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Are we less social because of our reliance on social media?
The Internet doesn’t destroy lives and ruin society: it takes people to do that.
BY S.E. SMITH
A friend of mine passed on this video the other day (via Facebook, naturally), a “spoken word film for an online generation.” The premise: we spend too much time staring into our phones, faffing about on social media, and ignoring the “real world,” and we should look up more. Over the course of the video, a hypothetical love story unfolds as a man stops a woman to ask for directions on the street, treating us to the most heteronormative of life dreams: boy meets girl, they get married, they have children, their children have children, etc, etc.
At the end of the video, the story loops back around to the man on the street, looking up directions in his phone as people whizz by, and we’re told that the love story never happened because he didn’t bother to interact.
Basically, this video suggests that if you use social media, and are active on the Internet, you’ll live sad and alone. Scored with depressing piano music, the film is supposed to make us feel guilty for all those times we’re “opening our laptops and shutting our doors.” Or shutting our gobs on commuter trains because no one wants to talk to random people on a train at 6:00am. It frames the Internet, and social media, as inherently isolating, an attitude I see repeated frequently these days.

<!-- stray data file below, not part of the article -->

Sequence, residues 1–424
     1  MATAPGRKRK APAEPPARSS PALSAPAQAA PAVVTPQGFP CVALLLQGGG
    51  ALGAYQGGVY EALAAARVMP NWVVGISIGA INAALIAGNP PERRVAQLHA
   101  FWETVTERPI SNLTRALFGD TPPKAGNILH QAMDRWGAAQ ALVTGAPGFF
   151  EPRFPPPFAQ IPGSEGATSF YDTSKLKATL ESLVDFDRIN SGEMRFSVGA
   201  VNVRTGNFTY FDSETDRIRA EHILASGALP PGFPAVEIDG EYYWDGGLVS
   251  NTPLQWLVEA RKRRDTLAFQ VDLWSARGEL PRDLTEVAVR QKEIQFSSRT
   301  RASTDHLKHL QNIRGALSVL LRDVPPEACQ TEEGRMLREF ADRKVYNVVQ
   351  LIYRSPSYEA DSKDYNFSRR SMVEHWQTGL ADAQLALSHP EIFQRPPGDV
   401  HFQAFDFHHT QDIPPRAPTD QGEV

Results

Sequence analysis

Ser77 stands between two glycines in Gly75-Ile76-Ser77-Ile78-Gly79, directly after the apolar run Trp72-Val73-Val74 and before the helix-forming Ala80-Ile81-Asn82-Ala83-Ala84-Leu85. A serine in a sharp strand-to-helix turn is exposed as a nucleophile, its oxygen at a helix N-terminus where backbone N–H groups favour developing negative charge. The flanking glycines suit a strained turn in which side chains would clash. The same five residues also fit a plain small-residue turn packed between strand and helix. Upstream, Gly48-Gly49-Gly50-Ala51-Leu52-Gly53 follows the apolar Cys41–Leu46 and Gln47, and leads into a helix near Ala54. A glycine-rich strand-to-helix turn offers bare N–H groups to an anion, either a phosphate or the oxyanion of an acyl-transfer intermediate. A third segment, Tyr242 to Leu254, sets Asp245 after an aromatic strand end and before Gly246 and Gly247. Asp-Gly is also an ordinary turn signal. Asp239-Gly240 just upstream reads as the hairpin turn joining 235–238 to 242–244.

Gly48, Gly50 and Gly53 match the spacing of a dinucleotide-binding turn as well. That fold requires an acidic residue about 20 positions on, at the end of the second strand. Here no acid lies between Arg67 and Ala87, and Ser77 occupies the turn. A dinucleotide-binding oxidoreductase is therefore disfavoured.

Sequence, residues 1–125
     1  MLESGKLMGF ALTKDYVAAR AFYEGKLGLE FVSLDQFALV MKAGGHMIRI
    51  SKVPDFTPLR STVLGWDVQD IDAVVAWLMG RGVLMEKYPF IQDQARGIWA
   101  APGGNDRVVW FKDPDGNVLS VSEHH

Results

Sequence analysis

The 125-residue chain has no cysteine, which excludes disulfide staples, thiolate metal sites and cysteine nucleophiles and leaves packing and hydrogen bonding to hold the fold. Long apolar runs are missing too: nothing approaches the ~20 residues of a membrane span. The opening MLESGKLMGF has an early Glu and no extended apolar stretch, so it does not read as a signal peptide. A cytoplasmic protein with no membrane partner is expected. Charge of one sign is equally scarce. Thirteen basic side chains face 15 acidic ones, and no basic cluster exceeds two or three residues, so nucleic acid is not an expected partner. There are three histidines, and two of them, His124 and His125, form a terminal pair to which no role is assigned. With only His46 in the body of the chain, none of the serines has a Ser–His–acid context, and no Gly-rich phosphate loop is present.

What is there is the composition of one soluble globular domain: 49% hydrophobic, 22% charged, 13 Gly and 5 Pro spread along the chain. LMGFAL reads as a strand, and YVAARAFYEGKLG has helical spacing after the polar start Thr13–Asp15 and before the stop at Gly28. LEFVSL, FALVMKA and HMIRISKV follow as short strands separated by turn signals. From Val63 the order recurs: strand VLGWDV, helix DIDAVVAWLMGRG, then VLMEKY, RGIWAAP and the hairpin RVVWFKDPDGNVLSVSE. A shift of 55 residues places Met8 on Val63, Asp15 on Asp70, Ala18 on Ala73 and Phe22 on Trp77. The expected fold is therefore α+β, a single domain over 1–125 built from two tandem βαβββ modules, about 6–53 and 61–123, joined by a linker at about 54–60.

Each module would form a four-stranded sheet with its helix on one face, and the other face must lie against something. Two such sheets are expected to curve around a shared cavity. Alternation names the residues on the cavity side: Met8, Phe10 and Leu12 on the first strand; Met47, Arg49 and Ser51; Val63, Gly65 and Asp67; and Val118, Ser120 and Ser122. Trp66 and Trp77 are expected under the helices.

In contrast, I just finished reading “I’m still here: back online after a year without the internet,” Paul Miller’s account of what happened when he switched off for a year.
“One year ago I left the internet. I thought it was making me unproductive. I thought it lacked meaning. I thought it was ‘corrupting my soul,'” he begins, echoing common attitudes about how social media is tearing us apart and allowing us to live on isolated islands of thought. And at first, he seemed to find his experiment invigorating, even freeing, to some extent, as he shifted his life patterns without the Internet to fill the gap. But over time, things changed, and he started to realize that isolation doesn’t come from social media, but from how you live your life, and you can make bad choices no matter where you are.
A year in, I don’t ride my bike so much. My frisbee gathers dust. Most weeks I don’t go out with people even once. My favorite place is the couch. I prop my feet up on the coffee table, play a video game, and listen to an audiobook. I pick a mindless game, like Borderlands 2 or Skate 3, and absently thumb the sticks through the game-world while my mind rests on the audiobook, or maybe just on nothing.
This is what happened when Miller “looked up,” as exhorted to do in Gary Turk’s short film. He found more of the same. Because socialization and life enrichment, the possibility of meeting people and the freedom of doing what you want, doesn’t come from drawing distinctions between virtual and physical spaces. It comes from the decisions you make when it comes to how you spend your time and where you spend it, and how you decide to spend your energy.
As I type, I’m fielding emails to make plans for the weekend. Some of them are plans with people I’ve met through the Internet who’ve become close friends—we’re meeting up for a game night and possible food, and I’m looking forward to sitting on a soft couch with a warm cat and being among friends. For that matter, when I’m in the Bay Area, I live with someone I met on the Internet.